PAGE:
BROWN: Because it went to the cloud, right?
CEVALLOS: It went to the cloud, it went to a third party and if it's outside of your reasonable expectation of privacy not only can you not quash that warrant, you don't even have standing to object so there are prosecutors who will say that, hey, because Amazon has the data and not the customer, the customer can't even object to Amazon turning it over. It turns Amazon and companies like Amazon will oppose these search warrants and subpoenas but sometimes they comply, sometimes they don't depending on how overbroad they perceive the requests.
BROWN: This reminds me of -- I don't know if this is an accurate comparison -- but the FBI and Apple tussle over terrorist data. Is this similar to that?
CEVALLOS: Our antiquated law is having to deal with data and not just any data but data in the ether. Is it in a server on the moon or in Ireland? What is the cloud? Most judges and lawyers don't really even fully understand what it is. So, we have to address notions of privacy to amorphous things like data which we know of in concept but can't touch them or think of them like an object.
[15:45:00] BROWN: All right. Let's talk about the object, the Echo. It contains less than 60 seconds of recorded sound in its storage buffer. As new sound is recorded the old is erased so there's no audio record made of what went on in a room where an Echo sits. How useful is this Echo? What value does it bring the table in an investigation like this?
CEVALLOS: Admittedly, I'm a biased defense attorney but when you think about what they're seeking. They're seeking information on the off chance that somebody said something to the effect of "Hey, Alexa, how do I wash blood out of my jeans" or something like that. I'm not trying to be glib but that's how much of a sliver of sound we're talking about. So, while it's possible there may be some sliver of audio information stored in the cloud because the Echo has to send that information to the cloud to translate it and bring it back so it can interpret your voice. So, on the off chance there's a sound, a bump in the night, anything on that audio recording, it seems as a defense attorney this is a very broad approach to seek what is really prospective and maybe unlikely data out there.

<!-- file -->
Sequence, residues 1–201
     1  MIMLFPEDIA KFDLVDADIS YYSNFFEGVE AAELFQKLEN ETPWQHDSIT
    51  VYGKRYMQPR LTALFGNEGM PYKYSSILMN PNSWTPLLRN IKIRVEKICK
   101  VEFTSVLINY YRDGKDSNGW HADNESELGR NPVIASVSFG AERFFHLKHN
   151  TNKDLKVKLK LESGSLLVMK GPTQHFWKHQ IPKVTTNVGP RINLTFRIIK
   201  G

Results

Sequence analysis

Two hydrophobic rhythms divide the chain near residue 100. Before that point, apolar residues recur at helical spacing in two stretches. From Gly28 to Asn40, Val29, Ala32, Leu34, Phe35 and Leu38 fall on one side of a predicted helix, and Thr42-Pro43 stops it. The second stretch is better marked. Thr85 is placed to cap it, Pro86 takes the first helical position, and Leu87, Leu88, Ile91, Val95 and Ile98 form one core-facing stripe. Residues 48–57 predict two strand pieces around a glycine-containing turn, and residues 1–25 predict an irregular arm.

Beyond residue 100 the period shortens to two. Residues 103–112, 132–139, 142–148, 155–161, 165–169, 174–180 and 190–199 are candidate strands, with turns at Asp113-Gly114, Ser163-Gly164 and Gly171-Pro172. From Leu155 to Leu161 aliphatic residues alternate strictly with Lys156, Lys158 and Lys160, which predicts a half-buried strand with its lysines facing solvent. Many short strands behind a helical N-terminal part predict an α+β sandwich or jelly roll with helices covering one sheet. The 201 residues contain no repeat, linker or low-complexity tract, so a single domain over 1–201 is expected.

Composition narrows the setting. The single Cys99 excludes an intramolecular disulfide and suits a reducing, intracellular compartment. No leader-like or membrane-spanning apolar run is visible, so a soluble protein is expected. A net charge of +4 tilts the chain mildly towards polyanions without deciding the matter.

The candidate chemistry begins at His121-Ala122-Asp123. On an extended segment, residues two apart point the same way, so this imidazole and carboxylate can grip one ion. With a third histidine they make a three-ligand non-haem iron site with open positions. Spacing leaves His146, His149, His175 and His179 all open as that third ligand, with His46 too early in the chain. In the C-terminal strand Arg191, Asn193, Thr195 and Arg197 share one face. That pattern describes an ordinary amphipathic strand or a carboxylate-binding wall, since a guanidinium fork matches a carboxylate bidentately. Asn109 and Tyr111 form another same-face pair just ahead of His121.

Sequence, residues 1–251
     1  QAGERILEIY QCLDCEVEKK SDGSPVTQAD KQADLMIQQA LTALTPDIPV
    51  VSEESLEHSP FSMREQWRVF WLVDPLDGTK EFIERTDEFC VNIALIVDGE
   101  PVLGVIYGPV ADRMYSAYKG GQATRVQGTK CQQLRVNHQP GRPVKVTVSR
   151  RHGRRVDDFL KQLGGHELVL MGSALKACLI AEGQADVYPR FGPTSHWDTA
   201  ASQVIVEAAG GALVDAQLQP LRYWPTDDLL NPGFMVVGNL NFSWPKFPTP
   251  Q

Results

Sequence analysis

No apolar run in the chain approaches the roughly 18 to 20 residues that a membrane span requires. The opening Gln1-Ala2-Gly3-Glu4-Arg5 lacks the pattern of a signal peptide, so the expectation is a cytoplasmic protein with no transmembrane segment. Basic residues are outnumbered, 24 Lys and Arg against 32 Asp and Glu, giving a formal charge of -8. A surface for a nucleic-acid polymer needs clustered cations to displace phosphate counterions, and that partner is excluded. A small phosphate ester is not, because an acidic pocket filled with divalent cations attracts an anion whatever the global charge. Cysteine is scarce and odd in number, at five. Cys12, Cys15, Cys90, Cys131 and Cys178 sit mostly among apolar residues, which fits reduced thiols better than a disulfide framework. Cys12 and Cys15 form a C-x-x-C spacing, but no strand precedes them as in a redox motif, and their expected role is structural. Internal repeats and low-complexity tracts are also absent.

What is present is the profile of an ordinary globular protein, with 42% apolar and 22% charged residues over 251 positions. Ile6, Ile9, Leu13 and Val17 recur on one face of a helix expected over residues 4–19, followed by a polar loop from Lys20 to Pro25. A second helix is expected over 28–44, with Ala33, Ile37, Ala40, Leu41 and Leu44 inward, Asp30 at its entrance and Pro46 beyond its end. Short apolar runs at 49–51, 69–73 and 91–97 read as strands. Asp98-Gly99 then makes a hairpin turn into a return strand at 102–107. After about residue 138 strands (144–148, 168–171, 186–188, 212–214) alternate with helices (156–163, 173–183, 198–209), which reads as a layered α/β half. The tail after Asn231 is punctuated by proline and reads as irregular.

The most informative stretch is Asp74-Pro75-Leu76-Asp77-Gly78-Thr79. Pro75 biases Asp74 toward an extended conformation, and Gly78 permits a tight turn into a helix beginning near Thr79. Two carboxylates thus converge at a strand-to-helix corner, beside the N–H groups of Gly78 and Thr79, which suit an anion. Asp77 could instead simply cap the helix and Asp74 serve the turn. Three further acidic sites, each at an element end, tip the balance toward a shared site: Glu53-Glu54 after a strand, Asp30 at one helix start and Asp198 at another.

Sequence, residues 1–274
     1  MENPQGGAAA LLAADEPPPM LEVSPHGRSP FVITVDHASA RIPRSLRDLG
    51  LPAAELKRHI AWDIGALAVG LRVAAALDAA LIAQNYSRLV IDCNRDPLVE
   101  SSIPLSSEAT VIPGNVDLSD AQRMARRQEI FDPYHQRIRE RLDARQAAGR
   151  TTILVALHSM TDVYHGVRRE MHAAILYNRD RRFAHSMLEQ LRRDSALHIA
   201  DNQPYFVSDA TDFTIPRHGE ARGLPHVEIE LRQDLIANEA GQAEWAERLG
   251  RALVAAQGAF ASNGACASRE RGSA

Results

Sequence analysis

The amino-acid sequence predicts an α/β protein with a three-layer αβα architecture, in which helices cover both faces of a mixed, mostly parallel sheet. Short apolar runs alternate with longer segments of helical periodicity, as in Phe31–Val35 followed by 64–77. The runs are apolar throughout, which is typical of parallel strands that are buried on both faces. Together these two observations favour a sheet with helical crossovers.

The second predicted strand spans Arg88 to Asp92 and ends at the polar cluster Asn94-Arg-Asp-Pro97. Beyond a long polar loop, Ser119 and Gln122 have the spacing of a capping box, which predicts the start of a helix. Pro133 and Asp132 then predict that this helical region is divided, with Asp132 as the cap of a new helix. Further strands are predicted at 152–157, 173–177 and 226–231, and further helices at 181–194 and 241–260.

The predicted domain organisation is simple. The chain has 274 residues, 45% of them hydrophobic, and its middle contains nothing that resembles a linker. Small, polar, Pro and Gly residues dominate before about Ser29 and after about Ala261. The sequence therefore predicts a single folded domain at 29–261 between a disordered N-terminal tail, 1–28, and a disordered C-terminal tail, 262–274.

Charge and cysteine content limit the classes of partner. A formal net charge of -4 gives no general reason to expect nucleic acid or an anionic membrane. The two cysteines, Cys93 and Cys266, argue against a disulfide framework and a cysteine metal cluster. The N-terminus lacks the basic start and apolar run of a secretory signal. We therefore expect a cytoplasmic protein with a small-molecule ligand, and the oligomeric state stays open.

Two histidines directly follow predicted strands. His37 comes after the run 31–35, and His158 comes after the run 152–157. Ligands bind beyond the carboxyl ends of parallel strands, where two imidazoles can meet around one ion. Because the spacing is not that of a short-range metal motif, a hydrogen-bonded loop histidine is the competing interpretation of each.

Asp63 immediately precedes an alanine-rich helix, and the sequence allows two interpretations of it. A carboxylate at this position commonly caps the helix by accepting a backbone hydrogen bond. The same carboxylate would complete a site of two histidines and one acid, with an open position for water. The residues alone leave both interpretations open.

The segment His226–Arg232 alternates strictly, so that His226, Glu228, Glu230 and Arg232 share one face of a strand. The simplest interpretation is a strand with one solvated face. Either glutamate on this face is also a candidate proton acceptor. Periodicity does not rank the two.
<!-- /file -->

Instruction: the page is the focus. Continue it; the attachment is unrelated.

BROWN: And I want to read amazon's full statement before I let you go. Amazon says it will not release customer information without a valid and binding legal demand properly served on U.S. Amazon objects to overbroad or otherwise inappropriate demands as a matter of course.
Echo's microphone is good at filtering out background noise. Could that factor into the legalities of this request?
CEVALLOS: It could. There's so many issues that come up. First of all, is recording in our home a violation of wiretapping? If it has that capability, how long before the FBI starts getting warrants not for our telephone but for our Amazon Echoes. Maybe the current incarnation but whatever comes in a year or two years from now when there's so much more sophisticated than they are now so when it comes to these recording devices, yes, the consumer can turn them off and erase the data stored locally but once information goes out into the ether, you cannot un-ring that digital bell.
BROWN: Danny Cevallos, thank you. I have a feeling we'll be talking about this for months, years to come.
Moments ago, Donald Trump emerged briefly from Mar-a-Lago. What he just said up next. We'll be right back.
[15:50:00] (COMMERCIAL BREAK)
BROWN: Just into the CNN newsroom, Donald Trump emerging briefly from Mar-a-Lago in West Palm Beach. He was asked about this tweet directed at President Obama. "Thought it was going to be a smooth transition. Not." Moments ago, he was asked about that where he said, quote, things are going very, very smoothly.
A brief scare at Trump Tower prompted an abrupt lobby evacuation. All this over a suspicious package that was a backpack filled with toys. It spawned a twitter fight over the cost of providing security to the building on fifth avenue. Trump's pick for press secretary, Sean Spicer tweeted that they were back to work at Trump Tower after a false alarm. To which the press secretary for the New York Mayor Bill De Blasio responded, no problem. We'll send you a bill. They've already requesting $35 million to help pay for the extra man power that stands guard at Trump tower. CNN looks at the challenges the high-rise building poses.
BRYNN GINGRAS, CNN NATIONAL CORRESPONDENT: Trump Tower, a nearly 70- story high-rise in the middle of Manhattan must soon be one of the most protected buildings in the United States.
JONATHAN WACKROW, FORMER SECRET SERVICE AGENT: Every element of the White House, whether from a security posture, communications or emergency protocols, that has to be put into place here at Trump Tower.
GINGRAS: Trump made it clear he plans to return to New York often during his term and his wife Melania and their 10-year-old son Barron will live there for the next six months. It presents challenges. Really, it's getting the President down from there.
GINGRAS: Jonathan Wackrow, a former secret service agent.